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On the death of the client/server computer model

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I’m on the road this week. As part of my trip I attended a conference in Dayton, and as part of that conference I observed a group of about thirty teachers and future teachers who are currently students at Wright State University use a computer.

The presentation began with all present opening up a browser and going to Google, and then doing a search on a topic of interest to them. I was sitting in the back of the room, and so could see what many of them were doing. The Wright student sitting next to me was viewing videos about Cuttlefish in the sea near Australia, and I learned he was doing a project with a group of fourth-grade students on this strange beast.

As it happens, this presentation was delivering the internet via a Linux-based solution. It took me a few hours to fully comprehend what I had witnessed, that it didn’t matter to them how the internet was delivered.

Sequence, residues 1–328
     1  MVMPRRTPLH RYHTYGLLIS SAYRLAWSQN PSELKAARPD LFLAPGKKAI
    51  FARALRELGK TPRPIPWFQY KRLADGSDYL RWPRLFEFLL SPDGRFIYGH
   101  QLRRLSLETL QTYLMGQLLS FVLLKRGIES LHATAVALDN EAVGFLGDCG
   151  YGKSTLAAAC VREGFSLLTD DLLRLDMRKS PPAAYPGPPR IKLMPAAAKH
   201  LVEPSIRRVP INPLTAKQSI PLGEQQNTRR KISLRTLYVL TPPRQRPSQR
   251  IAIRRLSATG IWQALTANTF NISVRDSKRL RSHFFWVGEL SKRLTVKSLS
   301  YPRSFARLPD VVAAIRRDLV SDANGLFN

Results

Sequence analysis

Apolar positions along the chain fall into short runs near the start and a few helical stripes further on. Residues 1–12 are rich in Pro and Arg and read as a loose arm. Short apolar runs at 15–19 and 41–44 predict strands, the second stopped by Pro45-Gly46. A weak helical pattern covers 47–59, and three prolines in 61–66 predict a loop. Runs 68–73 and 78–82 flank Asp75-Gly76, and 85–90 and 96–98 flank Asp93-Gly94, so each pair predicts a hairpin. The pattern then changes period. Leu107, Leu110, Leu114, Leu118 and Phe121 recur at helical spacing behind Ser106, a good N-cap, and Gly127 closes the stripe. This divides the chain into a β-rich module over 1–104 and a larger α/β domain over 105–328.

They were accessing the internet through a diskless box with 128M memory, using a stripped-down Linux kernel with X11. But a key point is that to view the internet they just needed to have the HTML text sent over the wire from the server to their barebones box so the browser could do the rendering. The “box” was an old computer, one that could in no way run Vista, yet it met all their needs.

They didn’t even know the internet was being brought to them via Linux. All that mattered was that is was on their screen.

So much for the client-server model that has been the basis of the Microsoft franchise. It is now toast, a relic of days gone by. These current users could care less. All that matters is that the browser delivers the content they wish on demand. To them, a computer is just a device for delivering the internet.

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Written by daveshields

January 18, 2008 at 5:07 am

Posted in xo-laptop

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